NonStampCollector Comments on the Same-Sex Marriage Debate

NonStampCollector (@nonstampNSC; YouTube; blog) has just posted a short comment on attempts to use Christianity – and especially Christian appeals to biblical mythological accounts like the story of Adam and Eve – in the fight against same-sex marriage in the modern state.

In short, the reason so many otherwise sensible Christians oppose same-sex marriage is Jesus’ appeal to the “marriage” of Adam and Eve in Matthew 19:4-6. In this passage, Matthew records Jesus as speaking about divorce, and in doing so, citing the mythological story of Judaism’s primordial humans, Adam and Eve.

Matthew 19:4-6 reads:

Matt. 19:4 He answered, “Have you not read that the one who made them at the beginning ‘made them male and female,’”
Matt. 19:5 and said, ‘For this reason a man shall leave his father and mother and be joined to his wife, and the two shall become one flesh’?
Matt. 19:6 So they are no longer two, but one flesh. Therefore what God has joined together, let no one separate.” (NRSV)

Note that Matthew records Jesus as having done a little prooftexting of his own, pulling from the summaries of the two different creation accounts in Genesis.

Gen. 1:27 So God created humankind in his image, in the image of God he created them; male and female he created them. (NRSV)

and

Gen 2:24 Therefore a man leaves his father and his mother and clings to his wife, and they become one flesh. (NRSV)

Matthew records Jesus as pulling from two different texts to defend his stance on divorce, specifically, that Christians should NOT divorce.

AND YET, we see no constitutional amendment on state ballots banning divorce, and prohibiting divorced individuals from remarrying, but rather, we find conservative and fundamentalist Christians lining up and spending all kinds money to ban and prohibit same-sex marriage, EVEN THOUGH the text is CLEARLY talking about divorce.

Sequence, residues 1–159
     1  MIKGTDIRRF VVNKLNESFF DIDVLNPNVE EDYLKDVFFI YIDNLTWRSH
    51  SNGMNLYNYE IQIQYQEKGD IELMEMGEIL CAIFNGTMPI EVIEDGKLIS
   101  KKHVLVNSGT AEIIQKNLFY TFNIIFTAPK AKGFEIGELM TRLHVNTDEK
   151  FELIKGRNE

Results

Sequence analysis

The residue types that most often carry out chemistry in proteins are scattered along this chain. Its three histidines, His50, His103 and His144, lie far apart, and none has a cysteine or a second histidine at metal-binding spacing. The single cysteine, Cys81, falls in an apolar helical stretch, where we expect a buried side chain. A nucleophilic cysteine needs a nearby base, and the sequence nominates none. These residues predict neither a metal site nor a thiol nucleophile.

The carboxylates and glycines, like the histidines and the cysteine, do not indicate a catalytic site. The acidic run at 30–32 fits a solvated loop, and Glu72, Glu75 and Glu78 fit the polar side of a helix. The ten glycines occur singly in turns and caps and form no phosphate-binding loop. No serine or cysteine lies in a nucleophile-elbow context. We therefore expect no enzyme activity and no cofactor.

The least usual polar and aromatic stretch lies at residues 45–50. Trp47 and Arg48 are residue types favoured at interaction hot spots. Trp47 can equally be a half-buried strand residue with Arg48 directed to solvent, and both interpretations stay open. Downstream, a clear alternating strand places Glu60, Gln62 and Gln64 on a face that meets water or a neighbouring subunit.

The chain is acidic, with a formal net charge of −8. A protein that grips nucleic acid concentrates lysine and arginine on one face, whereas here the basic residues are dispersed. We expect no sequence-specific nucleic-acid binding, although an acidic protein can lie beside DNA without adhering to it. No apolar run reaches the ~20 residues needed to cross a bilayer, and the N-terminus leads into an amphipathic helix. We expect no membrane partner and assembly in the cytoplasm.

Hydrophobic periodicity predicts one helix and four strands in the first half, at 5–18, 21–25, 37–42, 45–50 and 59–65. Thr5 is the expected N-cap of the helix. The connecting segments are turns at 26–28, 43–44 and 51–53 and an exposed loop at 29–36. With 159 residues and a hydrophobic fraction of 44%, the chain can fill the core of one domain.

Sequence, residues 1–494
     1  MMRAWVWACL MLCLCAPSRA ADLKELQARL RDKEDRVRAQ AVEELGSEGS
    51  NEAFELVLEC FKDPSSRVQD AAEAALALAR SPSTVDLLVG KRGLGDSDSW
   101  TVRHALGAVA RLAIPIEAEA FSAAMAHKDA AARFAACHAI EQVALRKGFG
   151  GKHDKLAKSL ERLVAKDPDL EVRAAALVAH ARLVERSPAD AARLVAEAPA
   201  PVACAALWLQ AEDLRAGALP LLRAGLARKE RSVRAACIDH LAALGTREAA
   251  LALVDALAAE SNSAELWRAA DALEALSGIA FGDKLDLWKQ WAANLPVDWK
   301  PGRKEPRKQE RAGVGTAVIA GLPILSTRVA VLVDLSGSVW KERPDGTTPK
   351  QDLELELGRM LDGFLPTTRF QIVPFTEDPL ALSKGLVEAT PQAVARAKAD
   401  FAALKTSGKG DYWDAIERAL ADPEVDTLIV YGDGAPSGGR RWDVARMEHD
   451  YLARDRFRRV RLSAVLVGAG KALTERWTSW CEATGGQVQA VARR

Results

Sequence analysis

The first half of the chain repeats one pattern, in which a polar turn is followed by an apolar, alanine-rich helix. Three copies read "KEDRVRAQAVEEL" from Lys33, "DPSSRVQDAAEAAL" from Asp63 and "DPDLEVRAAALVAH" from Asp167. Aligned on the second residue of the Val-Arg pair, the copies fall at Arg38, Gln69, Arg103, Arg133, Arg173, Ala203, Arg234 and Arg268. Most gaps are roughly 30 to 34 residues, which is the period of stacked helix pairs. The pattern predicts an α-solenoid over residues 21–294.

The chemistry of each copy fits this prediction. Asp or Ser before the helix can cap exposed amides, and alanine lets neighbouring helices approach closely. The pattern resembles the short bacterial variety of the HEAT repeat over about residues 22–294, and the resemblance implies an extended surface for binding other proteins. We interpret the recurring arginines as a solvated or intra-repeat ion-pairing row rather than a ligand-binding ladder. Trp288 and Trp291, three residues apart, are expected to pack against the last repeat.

It is yet another example of conservative and fundamentalists deliberately ignoring the glaringly obvious context of the biblical passage (divorce), and instead using said verse to prooftext against something the passage is not at all addressing (same-sex marriage).

So to clarify, conservative and fundamentalist Christians are citing a scientifically debunked primordial religious creation myth from nearly three millennia ago, and then using it out of context in an effort to suppress the modern rights of gay Americans in a state that is founded on the principle that the church and state should be separate.

That is just how far conservative and fundamentalist Christians must stretch – how far they must contort the Bible as well as the founding principles of this country – just to suppress the rights of other Americans. They must cite:

“a moral imperative implied (out of context I might add), within an ancient Middle Eastern story involving a woman made of a man’s rib, being convinced by a talking snake to eat the fruit of a magical tree.”

THAT’S the rationale for denying homosexual Americans the same right of marriage that heterosexual Americans enjoy: magic trees, talking snakes, rib-women, and primordial mythology.